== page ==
Ivy Sole Talks Growing Up Queer within the Southern Baptist Church & Mac Miller's Impact: 'He Bridged Generations'


On the quilt of her debut LP Overgrown, Ivy Sole is caught in a state of duality. The illustration, by artist Gabrielle Patterson, captures the queer rapper-singer oscillating between blossom and decay; a bouquet of flowers seemingly grows out of her hair, her face framed by a lush backyard, whereas her proper cheek is an X-ray of uncovered bone.

It’s a seemingly contradictory assertion, however to Sole, the 2 components work in communion. “There’s one thing about being near dying on daily basis that makes you need to actually worth and cherish the life that you’ve got,” she says. “The different that means of [the cover] is there are components of me which were put to relaxation and I’m outgrowing these former selves.”

Overgrown, which got here out on Monday, is a sturdy, introspective hip-hop file from a precocious 25-year-old. Sonically, Sole navigates between the gospel-tinged uplift of her upbringing in Charlotte, N.C., and the grittier, spoken-word inflections of her present dwelling in Philadelphia, the place she’s lived since graduating from the University of Pennsylvania. She sings and raps, with equal panache and measure, about psychological well being, black radicalism and self-love. But she’s additionally susceptible to rapping about drunkenly hitting on a scorching lady at a celebration, as she does on “Still Wasted,” which she calls the queerest music on the album. “I like ladies and I like males,” she says. “I like ladies loads although. Women have me on my ass, which is uncommon — I really feel like I’m a really calm and picked up individual.”

Billboard spoke to Sole about rising up queer within the Southern Baptist church, her connection to Mac Miller, and the way she approaches the 2 tropes obtainable for feminine MCs.

What had been a number of the issues happening in your life whenever you made this file?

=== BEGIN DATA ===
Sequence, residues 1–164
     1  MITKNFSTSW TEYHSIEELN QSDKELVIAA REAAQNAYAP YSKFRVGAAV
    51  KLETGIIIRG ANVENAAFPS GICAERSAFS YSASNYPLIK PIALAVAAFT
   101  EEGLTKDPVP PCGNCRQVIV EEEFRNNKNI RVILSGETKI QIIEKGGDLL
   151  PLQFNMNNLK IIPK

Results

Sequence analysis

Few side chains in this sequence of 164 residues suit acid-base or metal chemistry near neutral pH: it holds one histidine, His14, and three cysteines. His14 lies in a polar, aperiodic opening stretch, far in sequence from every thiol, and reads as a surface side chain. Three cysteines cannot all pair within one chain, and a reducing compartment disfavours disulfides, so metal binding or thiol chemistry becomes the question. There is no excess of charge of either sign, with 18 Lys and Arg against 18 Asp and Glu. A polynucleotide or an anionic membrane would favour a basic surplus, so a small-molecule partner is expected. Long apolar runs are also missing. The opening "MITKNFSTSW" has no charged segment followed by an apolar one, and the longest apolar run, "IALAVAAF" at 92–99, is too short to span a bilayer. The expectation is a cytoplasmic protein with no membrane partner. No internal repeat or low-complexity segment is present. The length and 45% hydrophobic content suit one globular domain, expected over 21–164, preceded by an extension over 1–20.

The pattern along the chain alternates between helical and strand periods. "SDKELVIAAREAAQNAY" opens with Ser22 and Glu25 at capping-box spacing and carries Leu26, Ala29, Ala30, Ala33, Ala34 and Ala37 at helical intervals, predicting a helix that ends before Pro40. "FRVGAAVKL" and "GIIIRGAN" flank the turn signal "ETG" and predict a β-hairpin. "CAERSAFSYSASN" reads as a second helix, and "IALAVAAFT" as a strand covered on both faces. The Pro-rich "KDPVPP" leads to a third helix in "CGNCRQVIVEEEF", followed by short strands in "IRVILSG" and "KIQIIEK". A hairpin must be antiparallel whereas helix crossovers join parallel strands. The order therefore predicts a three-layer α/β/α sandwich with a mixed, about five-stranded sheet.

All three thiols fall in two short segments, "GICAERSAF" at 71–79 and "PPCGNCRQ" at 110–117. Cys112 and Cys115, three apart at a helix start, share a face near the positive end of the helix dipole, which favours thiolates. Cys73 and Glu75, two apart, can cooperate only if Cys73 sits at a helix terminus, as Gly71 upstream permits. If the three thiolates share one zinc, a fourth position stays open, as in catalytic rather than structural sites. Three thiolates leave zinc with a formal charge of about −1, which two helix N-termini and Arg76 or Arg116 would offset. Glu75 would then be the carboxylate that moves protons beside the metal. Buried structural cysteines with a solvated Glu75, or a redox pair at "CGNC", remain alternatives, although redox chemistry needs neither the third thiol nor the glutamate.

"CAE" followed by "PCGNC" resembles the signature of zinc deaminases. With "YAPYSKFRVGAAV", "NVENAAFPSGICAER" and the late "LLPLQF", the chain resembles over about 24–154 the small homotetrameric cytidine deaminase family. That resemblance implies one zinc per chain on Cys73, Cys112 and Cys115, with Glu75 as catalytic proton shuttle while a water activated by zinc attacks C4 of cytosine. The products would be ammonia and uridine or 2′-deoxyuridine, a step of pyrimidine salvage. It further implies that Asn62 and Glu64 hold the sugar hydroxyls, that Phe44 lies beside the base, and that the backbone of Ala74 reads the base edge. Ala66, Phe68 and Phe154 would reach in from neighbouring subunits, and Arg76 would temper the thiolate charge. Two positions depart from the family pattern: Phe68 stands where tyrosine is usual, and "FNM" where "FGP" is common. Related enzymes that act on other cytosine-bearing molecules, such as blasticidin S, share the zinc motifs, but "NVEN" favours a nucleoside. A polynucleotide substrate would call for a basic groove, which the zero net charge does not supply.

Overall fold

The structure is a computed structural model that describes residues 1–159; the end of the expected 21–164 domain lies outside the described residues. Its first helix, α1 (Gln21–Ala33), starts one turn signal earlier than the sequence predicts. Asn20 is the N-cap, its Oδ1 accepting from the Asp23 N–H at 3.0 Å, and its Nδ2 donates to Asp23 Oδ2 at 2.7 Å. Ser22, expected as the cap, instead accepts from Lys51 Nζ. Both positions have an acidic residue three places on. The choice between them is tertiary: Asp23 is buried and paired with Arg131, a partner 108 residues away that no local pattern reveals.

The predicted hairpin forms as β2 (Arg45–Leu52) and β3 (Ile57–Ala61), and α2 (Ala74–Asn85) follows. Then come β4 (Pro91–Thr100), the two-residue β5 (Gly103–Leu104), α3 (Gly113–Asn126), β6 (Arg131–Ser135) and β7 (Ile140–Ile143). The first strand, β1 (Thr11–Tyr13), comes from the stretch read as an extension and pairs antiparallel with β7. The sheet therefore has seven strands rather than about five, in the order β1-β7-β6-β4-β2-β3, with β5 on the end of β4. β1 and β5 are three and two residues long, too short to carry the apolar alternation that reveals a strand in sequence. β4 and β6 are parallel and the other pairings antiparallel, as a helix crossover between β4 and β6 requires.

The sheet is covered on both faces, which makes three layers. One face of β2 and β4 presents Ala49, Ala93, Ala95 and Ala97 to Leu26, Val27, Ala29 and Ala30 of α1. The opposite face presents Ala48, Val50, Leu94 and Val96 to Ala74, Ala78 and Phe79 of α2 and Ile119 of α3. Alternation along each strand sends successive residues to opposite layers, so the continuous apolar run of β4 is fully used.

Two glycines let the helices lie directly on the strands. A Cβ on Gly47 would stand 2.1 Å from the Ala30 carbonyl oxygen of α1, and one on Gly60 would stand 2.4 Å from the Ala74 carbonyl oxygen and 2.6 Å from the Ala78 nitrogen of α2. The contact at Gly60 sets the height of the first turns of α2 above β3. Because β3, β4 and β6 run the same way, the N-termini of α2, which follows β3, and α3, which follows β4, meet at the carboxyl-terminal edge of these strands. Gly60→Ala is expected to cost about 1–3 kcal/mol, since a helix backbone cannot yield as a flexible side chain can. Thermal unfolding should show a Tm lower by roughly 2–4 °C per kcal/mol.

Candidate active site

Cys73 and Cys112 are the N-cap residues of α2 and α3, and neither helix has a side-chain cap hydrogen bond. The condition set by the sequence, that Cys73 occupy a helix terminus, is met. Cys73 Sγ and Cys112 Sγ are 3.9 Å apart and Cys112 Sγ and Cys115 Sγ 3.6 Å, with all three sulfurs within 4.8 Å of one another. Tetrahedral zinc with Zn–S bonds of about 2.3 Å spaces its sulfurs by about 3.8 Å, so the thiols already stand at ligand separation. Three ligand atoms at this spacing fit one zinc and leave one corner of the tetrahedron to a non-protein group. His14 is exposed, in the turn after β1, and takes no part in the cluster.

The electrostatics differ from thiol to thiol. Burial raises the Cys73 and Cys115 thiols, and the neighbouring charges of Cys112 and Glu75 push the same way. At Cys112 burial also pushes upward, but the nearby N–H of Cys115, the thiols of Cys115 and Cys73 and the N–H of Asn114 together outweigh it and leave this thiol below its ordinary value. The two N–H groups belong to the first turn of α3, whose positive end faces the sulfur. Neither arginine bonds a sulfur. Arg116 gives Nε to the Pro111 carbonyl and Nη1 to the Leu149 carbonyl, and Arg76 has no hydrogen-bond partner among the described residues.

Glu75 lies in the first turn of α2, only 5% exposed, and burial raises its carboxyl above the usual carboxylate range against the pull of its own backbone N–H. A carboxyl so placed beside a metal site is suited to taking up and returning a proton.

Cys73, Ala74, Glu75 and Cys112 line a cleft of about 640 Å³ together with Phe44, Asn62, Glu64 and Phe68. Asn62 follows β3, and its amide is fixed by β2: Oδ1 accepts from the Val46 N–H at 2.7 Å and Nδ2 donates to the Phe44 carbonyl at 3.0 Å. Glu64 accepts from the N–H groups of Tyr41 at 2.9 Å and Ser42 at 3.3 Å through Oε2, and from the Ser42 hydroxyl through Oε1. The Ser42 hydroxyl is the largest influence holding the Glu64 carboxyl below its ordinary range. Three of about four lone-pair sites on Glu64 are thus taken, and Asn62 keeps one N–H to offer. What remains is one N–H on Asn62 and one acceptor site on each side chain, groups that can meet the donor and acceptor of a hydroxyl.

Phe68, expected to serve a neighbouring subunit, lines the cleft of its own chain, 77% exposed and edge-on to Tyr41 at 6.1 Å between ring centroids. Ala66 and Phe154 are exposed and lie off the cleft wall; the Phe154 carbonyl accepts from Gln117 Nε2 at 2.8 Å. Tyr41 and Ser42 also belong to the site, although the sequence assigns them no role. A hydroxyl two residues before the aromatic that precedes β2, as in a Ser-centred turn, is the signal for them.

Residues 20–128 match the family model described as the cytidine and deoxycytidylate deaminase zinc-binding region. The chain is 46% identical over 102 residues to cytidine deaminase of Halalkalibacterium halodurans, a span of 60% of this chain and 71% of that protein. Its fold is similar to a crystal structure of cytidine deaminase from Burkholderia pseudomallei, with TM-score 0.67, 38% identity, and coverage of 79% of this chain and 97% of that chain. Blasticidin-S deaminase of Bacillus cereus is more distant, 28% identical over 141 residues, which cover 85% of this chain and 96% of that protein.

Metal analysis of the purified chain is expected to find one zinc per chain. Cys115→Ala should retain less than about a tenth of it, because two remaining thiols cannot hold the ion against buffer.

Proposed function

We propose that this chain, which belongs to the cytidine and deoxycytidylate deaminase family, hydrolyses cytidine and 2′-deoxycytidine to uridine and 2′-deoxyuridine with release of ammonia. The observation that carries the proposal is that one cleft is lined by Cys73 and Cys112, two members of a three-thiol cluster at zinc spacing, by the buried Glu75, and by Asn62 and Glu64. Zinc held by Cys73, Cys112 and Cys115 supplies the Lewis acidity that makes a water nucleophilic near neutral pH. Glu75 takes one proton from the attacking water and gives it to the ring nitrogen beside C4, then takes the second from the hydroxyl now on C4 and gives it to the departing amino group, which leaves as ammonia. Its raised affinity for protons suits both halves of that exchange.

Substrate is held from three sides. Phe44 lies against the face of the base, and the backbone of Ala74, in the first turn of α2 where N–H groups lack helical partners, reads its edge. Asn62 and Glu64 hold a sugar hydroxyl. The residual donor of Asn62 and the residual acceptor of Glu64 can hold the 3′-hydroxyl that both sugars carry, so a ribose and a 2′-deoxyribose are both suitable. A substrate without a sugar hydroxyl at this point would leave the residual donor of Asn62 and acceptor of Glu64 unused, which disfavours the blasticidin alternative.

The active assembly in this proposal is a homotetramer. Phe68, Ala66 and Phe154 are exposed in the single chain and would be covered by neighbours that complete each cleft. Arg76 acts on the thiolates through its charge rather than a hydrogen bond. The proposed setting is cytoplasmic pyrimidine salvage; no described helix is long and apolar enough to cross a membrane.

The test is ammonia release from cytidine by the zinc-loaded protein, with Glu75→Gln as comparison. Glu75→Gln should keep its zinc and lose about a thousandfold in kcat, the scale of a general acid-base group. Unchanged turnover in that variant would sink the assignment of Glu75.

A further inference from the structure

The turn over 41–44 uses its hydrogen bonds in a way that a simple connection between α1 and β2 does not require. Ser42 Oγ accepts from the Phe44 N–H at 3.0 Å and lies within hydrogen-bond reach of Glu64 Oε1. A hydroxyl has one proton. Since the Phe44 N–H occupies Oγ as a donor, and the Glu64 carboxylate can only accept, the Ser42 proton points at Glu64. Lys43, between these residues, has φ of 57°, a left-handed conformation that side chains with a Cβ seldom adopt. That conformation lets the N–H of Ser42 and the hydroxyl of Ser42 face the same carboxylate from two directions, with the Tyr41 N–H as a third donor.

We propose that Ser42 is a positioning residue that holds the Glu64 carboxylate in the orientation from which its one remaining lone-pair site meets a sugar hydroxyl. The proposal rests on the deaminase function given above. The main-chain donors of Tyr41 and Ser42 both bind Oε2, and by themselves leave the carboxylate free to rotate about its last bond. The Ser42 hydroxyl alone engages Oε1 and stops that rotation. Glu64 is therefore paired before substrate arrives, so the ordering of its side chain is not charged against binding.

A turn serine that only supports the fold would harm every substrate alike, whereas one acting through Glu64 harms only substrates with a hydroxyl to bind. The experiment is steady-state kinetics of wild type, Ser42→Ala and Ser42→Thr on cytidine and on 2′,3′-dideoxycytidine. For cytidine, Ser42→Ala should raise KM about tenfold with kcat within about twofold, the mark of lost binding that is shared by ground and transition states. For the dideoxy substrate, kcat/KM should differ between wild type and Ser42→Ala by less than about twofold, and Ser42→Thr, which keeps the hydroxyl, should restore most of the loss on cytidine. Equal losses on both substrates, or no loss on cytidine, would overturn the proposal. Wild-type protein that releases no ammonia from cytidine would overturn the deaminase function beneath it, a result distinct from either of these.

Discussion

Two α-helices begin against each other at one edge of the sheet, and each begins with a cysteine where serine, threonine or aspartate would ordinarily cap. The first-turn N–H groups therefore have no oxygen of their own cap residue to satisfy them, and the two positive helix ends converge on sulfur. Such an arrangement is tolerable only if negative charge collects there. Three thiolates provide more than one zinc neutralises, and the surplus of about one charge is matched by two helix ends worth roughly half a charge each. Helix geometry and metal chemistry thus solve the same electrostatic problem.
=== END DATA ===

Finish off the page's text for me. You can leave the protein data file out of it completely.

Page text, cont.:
I broke up with somebody about three, 4 months prior. I used to be attempting to determine what the subsequent steps had been. As far as music was involved, I used to be watching numerous my friends, a few of my closest pals, actually stage up of their careers and of their skilled life which introduced out numerous insecurities that I assumed I had put to mattress however hadn’t truly put to mattress. I had simply made one in every of a number of breakthroughs in remedy so far as psychological well being was involved. My relationship with my household was — I wouldn’t say rocky — simply in a transition section. There was only a lot happening. And I feel that Overgrown is like after the mud settled I knew what I had on the finish of it.

Now that you just’re doing press for the album, are you cautious about being pigeonholed as a queer rapper?

I feel that the identification in and of itself is vital and I need to be sure that I’m giving house and time for it as a result of lots of people have died for me to have the ability to say [I’m queer] with out worry of reprimand or repercussion. But I don’t need that to be the promoting level. I need the music to be the promoting level. [Queerness] could be a main element — however I’d reasonably or not it’s a element than the thesis. If you’re listening to the music it’s not what I’m main with. I’m simply main with myself. I’m main with my story.

You grew up in a reasonably non secular group in Charlotte. How usually had been you going to church?

Three days per week: Wednesday, Saturday, Sunday.

Wow. Did you recognize you had been queer?

I knew fairly early on in elementary faculty, aged seven or eight. I’ve a cousin who’s queer and he or she dyed her hair at school and did all these kinds of issues. That made sense for her and that was the best way she went by means of it. And the best way that I went by means of it was to attempt to do as a lot church-related stuff as doable as a way to stability out what I knew was the reality.

Almost like praying the homosexual away?

To an extent, yeah. Trying to determine the place I match inside the church group, it was clear to me that I wouldn’t be capable of. So attempting to fight that as a teen was fairly troublesome. Along with that, I used to be like, I simply don’t really feel like doing this. Like, I don’t need to be dishonest with myself.  

How previous had been you whenever you got here to that realization?